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Considerations for Using Ground Penetrating Radar to Locate Buried Agricultural Drainage Pipe

Published by the American Society of Agricultural and Biological Engineers, St. Joseph, Michigan

Citation:  Paper number  032344,  2003 ASAE Annual Meeting . (doi: 10.13031/2013.14037) @2003
Authors:   B. J. Allred, N. R. Fausey, J. J. Daniels, C. Chen, L. Peters, Jr., H. Youn
Keywords:   agricultural drainage pipe, geophysical methods, ground penetrating radar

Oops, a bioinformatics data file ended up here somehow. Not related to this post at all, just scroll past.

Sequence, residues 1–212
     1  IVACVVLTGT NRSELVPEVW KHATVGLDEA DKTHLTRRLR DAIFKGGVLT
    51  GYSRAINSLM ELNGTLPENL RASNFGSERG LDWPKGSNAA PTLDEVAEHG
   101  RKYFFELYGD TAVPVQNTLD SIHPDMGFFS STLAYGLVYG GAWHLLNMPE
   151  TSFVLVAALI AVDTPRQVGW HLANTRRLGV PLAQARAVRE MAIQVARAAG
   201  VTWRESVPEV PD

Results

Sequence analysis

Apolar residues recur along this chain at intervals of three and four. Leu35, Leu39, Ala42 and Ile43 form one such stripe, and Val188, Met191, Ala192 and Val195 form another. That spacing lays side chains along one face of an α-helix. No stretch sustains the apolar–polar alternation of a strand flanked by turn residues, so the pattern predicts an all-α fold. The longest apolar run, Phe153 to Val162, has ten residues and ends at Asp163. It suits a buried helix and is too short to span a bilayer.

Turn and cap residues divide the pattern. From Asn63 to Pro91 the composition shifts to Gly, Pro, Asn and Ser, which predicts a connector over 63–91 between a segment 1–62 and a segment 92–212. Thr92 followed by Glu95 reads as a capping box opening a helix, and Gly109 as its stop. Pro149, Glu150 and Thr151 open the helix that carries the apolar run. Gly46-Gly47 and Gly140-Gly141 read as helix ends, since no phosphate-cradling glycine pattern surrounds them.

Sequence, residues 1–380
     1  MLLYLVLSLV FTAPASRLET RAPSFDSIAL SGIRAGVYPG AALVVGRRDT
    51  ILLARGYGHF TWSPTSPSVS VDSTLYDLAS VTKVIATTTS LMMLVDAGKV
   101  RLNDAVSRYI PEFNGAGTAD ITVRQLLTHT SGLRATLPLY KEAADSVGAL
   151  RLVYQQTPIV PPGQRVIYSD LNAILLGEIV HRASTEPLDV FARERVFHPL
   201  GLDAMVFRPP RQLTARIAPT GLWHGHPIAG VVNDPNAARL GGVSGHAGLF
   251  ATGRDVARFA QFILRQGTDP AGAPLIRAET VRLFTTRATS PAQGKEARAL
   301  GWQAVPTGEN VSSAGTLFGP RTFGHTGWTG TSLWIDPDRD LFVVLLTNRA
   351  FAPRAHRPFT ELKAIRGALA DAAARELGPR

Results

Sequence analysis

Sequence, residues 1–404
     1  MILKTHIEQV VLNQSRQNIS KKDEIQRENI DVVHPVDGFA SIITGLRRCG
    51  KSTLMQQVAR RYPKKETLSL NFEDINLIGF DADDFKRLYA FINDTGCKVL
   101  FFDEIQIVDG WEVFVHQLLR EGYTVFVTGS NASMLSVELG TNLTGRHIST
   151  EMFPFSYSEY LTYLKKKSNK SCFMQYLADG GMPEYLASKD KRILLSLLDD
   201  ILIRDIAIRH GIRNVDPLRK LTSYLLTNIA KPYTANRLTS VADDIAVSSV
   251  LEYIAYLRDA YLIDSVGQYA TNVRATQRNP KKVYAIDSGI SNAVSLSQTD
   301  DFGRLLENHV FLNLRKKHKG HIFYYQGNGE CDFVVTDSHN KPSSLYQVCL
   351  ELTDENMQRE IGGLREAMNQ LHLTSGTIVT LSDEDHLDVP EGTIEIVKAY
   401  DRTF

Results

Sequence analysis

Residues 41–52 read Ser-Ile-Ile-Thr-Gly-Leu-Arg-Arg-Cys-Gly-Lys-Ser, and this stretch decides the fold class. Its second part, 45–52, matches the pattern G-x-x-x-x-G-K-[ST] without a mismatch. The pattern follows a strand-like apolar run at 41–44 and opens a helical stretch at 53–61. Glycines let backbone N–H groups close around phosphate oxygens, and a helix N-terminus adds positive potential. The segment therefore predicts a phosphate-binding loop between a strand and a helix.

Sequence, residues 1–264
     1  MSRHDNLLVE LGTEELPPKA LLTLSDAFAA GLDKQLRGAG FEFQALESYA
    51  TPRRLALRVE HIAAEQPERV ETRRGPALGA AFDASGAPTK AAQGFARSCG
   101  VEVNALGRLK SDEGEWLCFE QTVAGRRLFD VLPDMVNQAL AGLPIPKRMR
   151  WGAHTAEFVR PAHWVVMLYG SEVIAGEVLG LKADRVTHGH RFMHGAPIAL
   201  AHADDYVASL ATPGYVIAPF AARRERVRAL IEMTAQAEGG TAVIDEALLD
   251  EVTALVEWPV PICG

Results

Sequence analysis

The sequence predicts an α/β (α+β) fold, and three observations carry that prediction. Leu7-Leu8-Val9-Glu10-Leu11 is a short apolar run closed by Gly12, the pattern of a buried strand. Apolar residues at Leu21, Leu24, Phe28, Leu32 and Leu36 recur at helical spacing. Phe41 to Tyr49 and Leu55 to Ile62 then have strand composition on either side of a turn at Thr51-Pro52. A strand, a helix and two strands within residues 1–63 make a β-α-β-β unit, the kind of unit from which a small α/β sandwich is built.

Enhancing the efficiency of soil water removal on land already containing a subsurface drainage system typically involves installing new drain lines between the old ones. However, before this approach can be attempted, the older drainage pipes need to be located. Previous research found that a geophysical method, ground penetrating radar (GPR), was successful in locating on average 81% of the total amount of pipe present at eleven test plots in southwest, central, and northwest Ohio. The present research focused on equipment parameters and site conditions that can potentially impact the capability of applying GPR for drainage pipe detection. The tested equipment parameters included center antenna frequency, spatial sampling interval, and signal trace stacking. Results indicate that choosing the proper antenna frequency is very important and that data quality is similar over a range of spatial sampling intervals and signal trace stacking. In regard to the site conditions, shallow hydrology, soil texture, and drainage pipe orientation all substantially influence the GPR response. The information obtained in this study can hopefully be used to develop guidelines that will enhance the success potential of using ground penetrating radar to locate buried agricultural drainage pipe.

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